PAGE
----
On August 9, I suffered a hemorrhagic stroke that paralyzed the left side of my body. I was in the ICU for three days, the Neuro Ward for four days, and a rehab hospital for three weeks. I was discharged on September 6 and have been trying to return to normal everyday life. I’m thankful for how much I’ve recovered in six weeks: I can walk on my own feet, though I’m not exactly skipping or running just yet; I can grasp items and move my fingers okay, though my arm and hand still lack feeling. I try not to let these things limit me: I do laundry and cook for my family, been working on a job proposal, and even prepared a nice slow-cook ham when our Dungeons & Dragons group met last weekend.
I’m not sure I’ll ever be a hundred percent my old self, but I remain grateful for what I can get. And silly as it may sound, pop and geek culture remain the things that make me feel closest to normal: my nerdy fandoms are the clearest extension of who I am and what I am about. Along with my family, geek life is the compass that guides my sense of identity.
These fan interests played a big part in my recovery, keeping me sane and focused as I worked to regain control of my body. My D&D group met twice at the rehab hospital, following our regular schedule every other weekend; physical and occupational therapy included re-learning to throw my trusty d20 die and imitating a Ray Harryhausen stop motion figure as I learned to move my knee better. I listened to Television’s Marquee Moon repeatedly when it helped improve movement in my hand, and from my hospital bed I wrote a short blog post about the Wu-Tang Clan promised to a friend before the stroke. I read Love & Rockets and Alack Sinner to pass the time, watched horror movies and TV shows on Netflix and Hulu.
During her daily visits to the hospital, my daughter Haruna and I sometimes pored over the book The Art Of Fire Emblem: Awakening; it was a game we spent this past summer playing and talking about, both the tactical battles and the ludicrous (but still strategic) dating sim aspects. With my wife Barbara, we three spent a few other evenings playing Ticket To Ride in the dining area. Haruna also introduced me to Miraculous, which baffles me to no end and which she delights in explaining to me in way too much detail.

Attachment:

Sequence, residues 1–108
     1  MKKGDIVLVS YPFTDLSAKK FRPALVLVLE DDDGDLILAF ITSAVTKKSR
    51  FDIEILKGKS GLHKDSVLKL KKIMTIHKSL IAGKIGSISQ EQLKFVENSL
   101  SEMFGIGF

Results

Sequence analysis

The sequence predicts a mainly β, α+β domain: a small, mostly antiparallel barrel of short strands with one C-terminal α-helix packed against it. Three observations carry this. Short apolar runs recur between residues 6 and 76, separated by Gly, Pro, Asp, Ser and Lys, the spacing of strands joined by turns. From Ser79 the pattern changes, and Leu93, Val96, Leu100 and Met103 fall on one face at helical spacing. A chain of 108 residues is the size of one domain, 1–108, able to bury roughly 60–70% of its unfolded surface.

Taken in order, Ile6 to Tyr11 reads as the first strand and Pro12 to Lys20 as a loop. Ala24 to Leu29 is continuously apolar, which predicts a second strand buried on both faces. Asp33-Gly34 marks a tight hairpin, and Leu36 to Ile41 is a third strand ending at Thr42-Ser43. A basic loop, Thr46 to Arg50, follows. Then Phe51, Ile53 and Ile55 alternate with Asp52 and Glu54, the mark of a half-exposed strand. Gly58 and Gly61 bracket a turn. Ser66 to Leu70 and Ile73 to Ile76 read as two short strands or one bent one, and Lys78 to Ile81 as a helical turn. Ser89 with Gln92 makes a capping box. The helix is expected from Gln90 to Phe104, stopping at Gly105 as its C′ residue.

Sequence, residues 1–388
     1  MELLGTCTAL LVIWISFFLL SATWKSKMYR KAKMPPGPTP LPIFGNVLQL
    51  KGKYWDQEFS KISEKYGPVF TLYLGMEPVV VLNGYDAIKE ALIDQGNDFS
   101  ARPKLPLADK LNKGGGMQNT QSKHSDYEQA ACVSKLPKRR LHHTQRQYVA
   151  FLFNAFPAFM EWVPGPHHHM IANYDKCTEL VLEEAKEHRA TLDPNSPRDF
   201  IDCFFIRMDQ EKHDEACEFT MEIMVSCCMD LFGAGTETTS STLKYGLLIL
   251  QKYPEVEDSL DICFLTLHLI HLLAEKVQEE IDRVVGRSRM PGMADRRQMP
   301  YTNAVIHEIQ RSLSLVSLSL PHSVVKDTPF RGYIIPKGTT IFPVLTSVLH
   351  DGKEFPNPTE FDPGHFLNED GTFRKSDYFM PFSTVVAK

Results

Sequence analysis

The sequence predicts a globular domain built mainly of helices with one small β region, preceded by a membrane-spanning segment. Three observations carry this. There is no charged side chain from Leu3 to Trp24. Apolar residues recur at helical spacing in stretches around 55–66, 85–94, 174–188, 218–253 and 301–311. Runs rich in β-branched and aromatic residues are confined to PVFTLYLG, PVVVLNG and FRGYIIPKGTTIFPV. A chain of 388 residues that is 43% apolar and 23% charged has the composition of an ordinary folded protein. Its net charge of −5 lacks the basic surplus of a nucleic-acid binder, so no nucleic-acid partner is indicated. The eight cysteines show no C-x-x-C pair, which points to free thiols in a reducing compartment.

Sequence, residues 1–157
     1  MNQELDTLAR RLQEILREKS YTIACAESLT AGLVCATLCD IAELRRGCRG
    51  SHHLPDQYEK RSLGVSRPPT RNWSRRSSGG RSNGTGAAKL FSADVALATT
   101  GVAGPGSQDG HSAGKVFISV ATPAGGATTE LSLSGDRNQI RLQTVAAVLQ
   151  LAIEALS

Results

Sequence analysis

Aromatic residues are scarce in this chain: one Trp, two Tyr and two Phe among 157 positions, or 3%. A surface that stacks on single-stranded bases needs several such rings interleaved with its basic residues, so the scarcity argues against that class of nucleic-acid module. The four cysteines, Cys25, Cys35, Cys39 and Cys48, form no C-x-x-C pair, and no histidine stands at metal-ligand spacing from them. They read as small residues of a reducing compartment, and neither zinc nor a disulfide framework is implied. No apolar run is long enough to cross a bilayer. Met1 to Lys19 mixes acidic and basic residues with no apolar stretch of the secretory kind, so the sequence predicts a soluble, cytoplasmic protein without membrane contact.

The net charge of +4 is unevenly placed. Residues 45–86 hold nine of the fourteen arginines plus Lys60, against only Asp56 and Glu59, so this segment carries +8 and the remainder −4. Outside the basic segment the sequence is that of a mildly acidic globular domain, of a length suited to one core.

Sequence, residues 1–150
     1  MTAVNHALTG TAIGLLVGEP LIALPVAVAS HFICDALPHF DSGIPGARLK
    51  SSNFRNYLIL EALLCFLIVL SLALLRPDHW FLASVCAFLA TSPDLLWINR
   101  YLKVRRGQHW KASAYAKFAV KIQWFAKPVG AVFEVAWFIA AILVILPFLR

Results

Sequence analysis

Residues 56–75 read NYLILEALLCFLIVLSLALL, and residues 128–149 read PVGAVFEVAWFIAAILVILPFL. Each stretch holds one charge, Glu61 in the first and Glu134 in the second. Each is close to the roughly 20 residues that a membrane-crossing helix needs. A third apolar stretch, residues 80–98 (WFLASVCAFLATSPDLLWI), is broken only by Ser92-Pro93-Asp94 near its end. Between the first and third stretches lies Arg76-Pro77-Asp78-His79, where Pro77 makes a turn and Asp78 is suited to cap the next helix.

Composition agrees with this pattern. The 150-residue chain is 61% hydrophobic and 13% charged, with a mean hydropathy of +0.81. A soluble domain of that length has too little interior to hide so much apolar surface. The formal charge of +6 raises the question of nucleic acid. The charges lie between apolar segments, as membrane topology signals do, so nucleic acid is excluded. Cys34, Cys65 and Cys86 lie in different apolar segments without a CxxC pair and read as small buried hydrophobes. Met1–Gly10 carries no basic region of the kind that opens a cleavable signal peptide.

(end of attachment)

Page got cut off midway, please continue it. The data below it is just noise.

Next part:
Most of all, though, there was MegaCon Tampa. Last year we took Haruna to that con as her birthday gift and this year we promised we would do the same. Comic conventions have been her favorite family events in the past few years, as she calls it a combination of Christmas and Halloween. She loves meeting her favorite voice actors and shopping at the vendor tables, and she has grown into her own, uniquely geeky self before our very eyes. I had no intention of letting her down about Megacon Tampa, and attending the con became a goal that motivated me during my physical therapy sessions. As my body got better, we spoke more and more about attending the show, what we would do there, what special guests we could meet, and even invited one of Haruna’s friends to join us. We discussed who Haruna would cosplay as, and she decided on Donnel, the mighty hayseed warrior from Fire Emblem: Awakening. We also had to make some concessions to reality: we cut short the visit to a day trip on Sunday instead of attending the whole weekend; and while I intend to walk on my own as much as I can, I’ll also be using a wheelchair because exhaustion sets in quickly.
We are now at Megacon Tampa, and this will be a very special event for us because of what we’ve all gone through to get here. Life goes on, we get stronger every day, and I’m gonna geek out like I’ve never geeked out before.